Sea Bass

Dissostichus eleginoides

Market Name(s): Sea bass, Patagonian toothfish, mero

Contact Purchasing
Sea Bass
  • Primary Source: Argentina, Chile, Namibia, Uruguay
  • Season: Available year-round, with heaviest landings during the austral summer (November - March).
  • Primary Fishing Method: Longline

Size Range:

Max Size: 200 lbs

Avg. Size: 20-40 lbs

Product forms:


FROZEN: H&G, skinless, boneless fillets and portions.

Storage & Handling

Despite its high oil content, fresh sea bass has a relatively good shelf life--up to 12 days from the time it’s caught--when held in ice at 32°F. Frozen product will keep well for six to nine months at -5 to -15°F.

Cooking Suggestions

Rich and full of flavor, sea bass can easily stand alone, simply baked, grilled, broiled or sautéed, with a pinch of seasoning or a squeeze of lemon juice. At the same time, however, this fish pairs up wonderfully with more elaborate flavors. Consider simmering it gently with plenty of tomatoes, garlic and fresh herbs, or marinate it in a spirited teriyaki style marinade before grilling or broiling. Because it will stay moist after cooking, sea bass is excellent in banquet applications.

Selling Points

  • An oil-rich fish that doesn't taste oily, sea bass is noted for its large, thick flake and melt-in-your-mouth texture. It is truly an exceptional eating fish.
  • Sea bass is an excellent substitute for sablefish (in Japan, where both fish are highly esteemed, it's often known as mero).
  • The international fleet currently harvesting and processing sea bass at sea is among the most high-tech in the world, ensuring consistent quality of frozen product.
  • Barring other influences, the best values on sea bass are in winter and spring, when Asian buyers are less interested in the fish


  • "Jellying," a condition (probably enzyme-related) in which the flesh turns soft and translucent.
  • Yellowing flesh along the belly flap is a sign of poor handling.
  • Compared to fish processed at sea under state-of-the-art conditions, sea bass landed fresh by small boat fishermen in Chile can vary greatly in quality.

The Pacific Advantage

  • Full range of sea bass products, including fresh fillets, refreshed fillets and frozen portion-controlled fillets
  • Ability to take position at opportune buying times and hold inventory means the best prices on frozen and refreshed sea bass throughout the year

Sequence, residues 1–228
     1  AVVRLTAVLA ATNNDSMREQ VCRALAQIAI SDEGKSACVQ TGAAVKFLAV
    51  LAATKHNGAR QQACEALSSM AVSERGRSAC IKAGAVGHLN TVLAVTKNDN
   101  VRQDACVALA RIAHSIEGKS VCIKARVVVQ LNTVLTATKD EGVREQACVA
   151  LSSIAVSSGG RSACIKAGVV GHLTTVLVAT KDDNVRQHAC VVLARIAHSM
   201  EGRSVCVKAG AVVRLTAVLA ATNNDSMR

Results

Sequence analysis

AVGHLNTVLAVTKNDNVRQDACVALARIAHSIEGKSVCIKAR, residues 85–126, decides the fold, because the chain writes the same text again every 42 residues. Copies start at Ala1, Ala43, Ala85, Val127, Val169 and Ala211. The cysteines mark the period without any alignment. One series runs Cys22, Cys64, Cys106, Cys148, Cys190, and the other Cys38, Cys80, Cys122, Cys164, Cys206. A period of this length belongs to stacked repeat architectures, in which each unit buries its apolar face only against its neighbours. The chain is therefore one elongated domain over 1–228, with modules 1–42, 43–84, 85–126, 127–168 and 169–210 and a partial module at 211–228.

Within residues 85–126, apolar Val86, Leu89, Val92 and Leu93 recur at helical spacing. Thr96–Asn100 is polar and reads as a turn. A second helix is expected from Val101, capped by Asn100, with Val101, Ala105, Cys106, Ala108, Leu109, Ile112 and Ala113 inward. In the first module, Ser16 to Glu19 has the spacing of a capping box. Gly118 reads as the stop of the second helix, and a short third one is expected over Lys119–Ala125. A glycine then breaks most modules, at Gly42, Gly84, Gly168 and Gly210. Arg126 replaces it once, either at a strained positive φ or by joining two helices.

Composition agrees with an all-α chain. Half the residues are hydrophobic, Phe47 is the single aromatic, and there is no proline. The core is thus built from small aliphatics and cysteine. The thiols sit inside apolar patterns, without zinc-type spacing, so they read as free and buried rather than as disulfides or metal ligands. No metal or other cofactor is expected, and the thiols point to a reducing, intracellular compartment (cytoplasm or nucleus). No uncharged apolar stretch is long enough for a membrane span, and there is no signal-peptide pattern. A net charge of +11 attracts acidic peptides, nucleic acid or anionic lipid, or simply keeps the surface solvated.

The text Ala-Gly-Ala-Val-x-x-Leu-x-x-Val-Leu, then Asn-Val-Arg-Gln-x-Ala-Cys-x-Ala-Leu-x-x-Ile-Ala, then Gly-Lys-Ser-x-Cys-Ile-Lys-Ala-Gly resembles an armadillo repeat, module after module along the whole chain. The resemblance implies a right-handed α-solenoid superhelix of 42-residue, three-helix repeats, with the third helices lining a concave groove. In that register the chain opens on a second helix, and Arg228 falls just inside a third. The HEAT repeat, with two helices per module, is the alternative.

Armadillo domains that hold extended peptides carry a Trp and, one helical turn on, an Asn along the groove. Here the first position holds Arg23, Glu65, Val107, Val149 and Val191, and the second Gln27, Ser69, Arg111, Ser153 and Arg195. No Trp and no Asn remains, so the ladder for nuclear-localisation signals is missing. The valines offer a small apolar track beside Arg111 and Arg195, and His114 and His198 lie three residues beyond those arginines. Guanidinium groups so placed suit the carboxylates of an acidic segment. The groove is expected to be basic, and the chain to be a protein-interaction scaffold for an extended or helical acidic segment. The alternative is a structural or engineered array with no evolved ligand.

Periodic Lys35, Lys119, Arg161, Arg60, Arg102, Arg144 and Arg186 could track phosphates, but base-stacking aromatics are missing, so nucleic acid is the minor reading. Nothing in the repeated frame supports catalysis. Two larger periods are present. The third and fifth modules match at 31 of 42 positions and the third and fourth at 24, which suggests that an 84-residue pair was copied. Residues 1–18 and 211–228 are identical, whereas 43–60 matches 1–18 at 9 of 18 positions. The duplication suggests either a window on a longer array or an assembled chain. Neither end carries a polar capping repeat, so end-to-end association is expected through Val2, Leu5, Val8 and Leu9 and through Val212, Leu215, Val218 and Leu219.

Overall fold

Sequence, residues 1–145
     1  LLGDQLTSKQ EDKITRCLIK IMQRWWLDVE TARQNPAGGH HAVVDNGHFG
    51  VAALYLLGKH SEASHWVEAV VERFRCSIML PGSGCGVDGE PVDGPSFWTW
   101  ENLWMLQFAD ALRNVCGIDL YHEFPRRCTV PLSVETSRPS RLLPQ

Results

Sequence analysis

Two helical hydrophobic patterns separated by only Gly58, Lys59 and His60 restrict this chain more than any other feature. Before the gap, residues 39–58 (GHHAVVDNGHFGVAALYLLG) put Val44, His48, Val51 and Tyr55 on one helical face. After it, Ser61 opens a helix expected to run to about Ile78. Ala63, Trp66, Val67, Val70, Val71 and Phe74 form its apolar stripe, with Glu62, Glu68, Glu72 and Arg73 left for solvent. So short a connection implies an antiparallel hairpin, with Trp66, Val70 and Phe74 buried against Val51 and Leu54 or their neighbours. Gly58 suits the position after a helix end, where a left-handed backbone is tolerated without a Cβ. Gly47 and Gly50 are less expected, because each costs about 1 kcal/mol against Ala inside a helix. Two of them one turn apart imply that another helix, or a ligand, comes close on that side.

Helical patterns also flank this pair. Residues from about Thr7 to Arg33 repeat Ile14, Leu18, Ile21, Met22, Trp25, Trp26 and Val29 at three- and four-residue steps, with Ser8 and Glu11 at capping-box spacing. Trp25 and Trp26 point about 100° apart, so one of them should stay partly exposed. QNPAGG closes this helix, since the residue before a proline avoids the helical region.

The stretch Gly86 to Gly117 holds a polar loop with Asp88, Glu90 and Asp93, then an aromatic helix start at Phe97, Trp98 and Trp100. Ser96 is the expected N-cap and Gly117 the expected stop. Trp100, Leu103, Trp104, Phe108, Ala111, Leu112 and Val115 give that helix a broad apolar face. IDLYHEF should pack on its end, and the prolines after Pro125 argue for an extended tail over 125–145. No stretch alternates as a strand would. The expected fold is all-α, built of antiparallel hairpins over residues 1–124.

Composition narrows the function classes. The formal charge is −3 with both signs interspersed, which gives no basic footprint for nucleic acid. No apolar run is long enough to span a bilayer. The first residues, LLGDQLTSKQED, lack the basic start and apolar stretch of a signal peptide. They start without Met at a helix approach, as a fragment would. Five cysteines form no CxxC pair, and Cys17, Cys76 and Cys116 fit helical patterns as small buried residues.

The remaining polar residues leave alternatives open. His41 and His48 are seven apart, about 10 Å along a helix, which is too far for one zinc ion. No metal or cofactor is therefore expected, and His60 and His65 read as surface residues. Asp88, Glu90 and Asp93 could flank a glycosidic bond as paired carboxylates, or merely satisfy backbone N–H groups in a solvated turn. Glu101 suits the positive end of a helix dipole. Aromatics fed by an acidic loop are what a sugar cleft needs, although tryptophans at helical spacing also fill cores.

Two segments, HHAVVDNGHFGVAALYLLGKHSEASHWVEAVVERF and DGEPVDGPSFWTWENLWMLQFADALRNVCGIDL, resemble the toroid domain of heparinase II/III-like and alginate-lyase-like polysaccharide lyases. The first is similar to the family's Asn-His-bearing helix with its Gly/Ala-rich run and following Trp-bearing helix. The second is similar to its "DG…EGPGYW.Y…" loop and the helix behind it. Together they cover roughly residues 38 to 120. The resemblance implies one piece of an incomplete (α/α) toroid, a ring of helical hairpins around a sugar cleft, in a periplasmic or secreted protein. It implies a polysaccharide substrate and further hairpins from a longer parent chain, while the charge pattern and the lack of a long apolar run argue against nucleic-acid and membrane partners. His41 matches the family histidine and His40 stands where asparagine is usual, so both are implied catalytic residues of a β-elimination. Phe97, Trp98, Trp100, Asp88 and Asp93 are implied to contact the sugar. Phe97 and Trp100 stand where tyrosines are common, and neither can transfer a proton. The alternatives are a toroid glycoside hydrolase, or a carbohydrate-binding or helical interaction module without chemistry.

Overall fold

• Extensive knowledge of sea bass production and relationships with major producers assures consistent supply of highest quality product
  • High volume distribution means quick product turnover and maximum shelf life for customers


Inhabiting the frigid depths of the southern oceans, this large, slow-growing fish is in great demand in the U.S., Japan and China for its firm, white flesh and rich, oily flavor. Although the fishery was started off Chile, the demand for sea bass has led to the expansion of the fishery throughout the circumpolar region, although heavy fishing pressure has led to a sharp decline in catches in recent years.

The name "Chilean sea bass" stems from the fact the fish was first commercially harvested in Chilean waters. Now, however, sea bass are also caught off the coasts of Argentina, South Africa, Australia, as well as assorted remote territorial islands and in the international waters of the southern latitudes.

Although commonly called sea bass, this fish is not a sea bass at all, but rather a unique species— also called mero and Patagonian toothfish--that belongs to the family Nototheniidae.

Sea bass can grow to more than six feet and 200 pounds, although they average between 20 and 40 pounds in the commercial catch. Caught by longline, they can be found as deep as 5,000 feet, which has given rise to another market name, bacalao de profundidad, or "cod of the depths." Because of their large size, sea bass yield large, snow white fillets. Most finished product consists of skinless, pinbone-in fillets, although skinless, boneless portions are also available. Most sea bass comes into the U.S. market as frozen H&G product. This product is generally "refreshed," i.e., frozen fish that is later slacked out and filleted. Frozen within hours of capture, refreshed fish offer excellent quality. Fresh sea bass is also widely sold in the U.S. Almost all this product comes from Chile. Because of its high oil content and poor handling by some small boat fishermen, the quality of fresh sea bass can be highly variable. Because sea bass is so highly regarded in both Japan and China, the flow of fish to the U.S. is greatly affected by conditions in these two markets.

According to figures from the United Nations, global sea bass landings have been around 30,000 to 35,000 metric tons a year recently, although illegal fishing in remote territorial waters probably puts the total even higher. Quotas for sea bass in Antarctic waters (i.e., those managed by an international fisheries-monitoring body) have been 15,000 to 18,000 tons in recent years. However, illegal and high-seas fishing puts the actual harvest much higher, one reason the U.S. and other nations have instituted a catch documentation system that traces sea bass from its harvest to the marketplace. Only documented, legally caught sea bass can be can be imported into the U.S. Since this system was implemented in 2000, illegal catches of sea bass have declined sharply. Due to the circumpolar nature of the sea bass fishery and the prevalence of high-seas fishing, specific fisheries are in a constant state of flux. Recently, the leading suppliers to the U.S. market have been Argentina, Chile and Mauritius (where a lot of high-seas product is off-loaded).